It is easy to sell a cookie as a value to a consumer. But what if the economy switches much like it did for radio stations. Will the day come when I am paid for keeping a cookie on my machine?

  2. Great post -- education about the benefits and drawbacks of targeted marketing is going to be critical for the industry (and consumers) to tap into its value.

    To get started, my take is that consumer education is secondary to the education of websites, who really make the decisions about what third-parties have access to user data. At PrivacyChoice we provide websites with visibility on who's tracking on their sites, so they can make better decisions and provide better disclosure. We also provide a comprehensive database of tracking companies so websites can understand certification, opt-out availability and key policies for each network they may want to enable.

    Please check it out and have your own site scanned. Tell us what you think!

  3. I am sure that part of it is education and that people don't have an idea how valuable the information that they leave around is and how it can be used.

    But I think that another large part is the emotional state that you are in when you are leaving information behind. On some level everybody knows that leaving a picture where you are completely wasted or where you insult your boss is not good for you overall reputation, but at the moment of posting you are either angry of happy about the great party and you want to share that with everyone. Once you have posted it, you can't go back or simply forget about it.

    I think we as analysts / computer science people have the tendency to think that every decision is based on rational thoughts (it's our job so no wonder!). Besides that, we try to do it with every of our decisions, right? But we should talk to people who make decisions based on feelings such as artists. I think we can learn a lot from them even ways to make more robust decisions.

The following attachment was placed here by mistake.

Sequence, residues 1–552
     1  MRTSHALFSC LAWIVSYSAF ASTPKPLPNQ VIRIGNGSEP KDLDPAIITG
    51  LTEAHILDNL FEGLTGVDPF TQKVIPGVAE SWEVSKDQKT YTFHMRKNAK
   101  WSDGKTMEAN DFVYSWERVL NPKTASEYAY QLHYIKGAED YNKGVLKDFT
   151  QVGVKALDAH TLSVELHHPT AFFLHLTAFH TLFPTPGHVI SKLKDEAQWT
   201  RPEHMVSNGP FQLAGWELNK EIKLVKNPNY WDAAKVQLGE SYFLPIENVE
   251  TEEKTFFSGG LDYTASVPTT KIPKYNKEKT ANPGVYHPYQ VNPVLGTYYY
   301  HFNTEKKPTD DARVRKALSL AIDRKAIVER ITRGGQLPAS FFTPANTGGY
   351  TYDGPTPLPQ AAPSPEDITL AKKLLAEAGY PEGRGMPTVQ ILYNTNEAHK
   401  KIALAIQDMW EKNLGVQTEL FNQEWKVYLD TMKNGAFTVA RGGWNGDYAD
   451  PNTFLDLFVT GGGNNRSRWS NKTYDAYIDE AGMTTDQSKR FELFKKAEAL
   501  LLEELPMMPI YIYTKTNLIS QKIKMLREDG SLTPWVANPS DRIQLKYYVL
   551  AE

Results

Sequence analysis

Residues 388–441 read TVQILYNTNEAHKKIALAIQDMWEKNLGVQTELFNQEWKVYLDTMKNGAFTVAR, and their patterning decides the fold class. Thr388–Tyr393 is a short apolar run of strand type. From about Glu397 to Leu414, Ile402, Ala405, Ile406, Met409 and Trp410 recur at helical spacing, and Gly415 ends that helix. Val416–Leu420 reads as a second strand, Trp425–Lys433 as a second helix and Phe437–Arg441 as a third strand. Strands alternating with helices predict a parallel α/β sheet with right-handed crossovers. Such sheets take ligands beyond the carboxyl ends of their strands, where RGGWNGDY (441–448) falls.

4. Interesting post Anil. I agree that the value of new Google analytics plug-in seems questionable and that public education on the real privacy threats is needed. I suscept one reason Google has done this and is able to do this is that there really isn't any privacy infringement involved with the information they collect through Google Analytics as you suggest. So why do it. The upside for them is they appear to be sacrificing something (data on users who use the plug-in) for the benefit (more privacy) of the everday internet user and with little or no gain for themselves or their customers who use Google analytics.

    But what are they really giving up? My guess is that because of the lack of education that you point out, few people will be bothered to install the plug-in. So data loss will be neglibile. Which means they give up virtually nothing for the benefit of appearing to be benevolent. Could be a nice little deposit in the brand repution bank account they they will need to draw on in the future.


I would like to hear your comments and questions.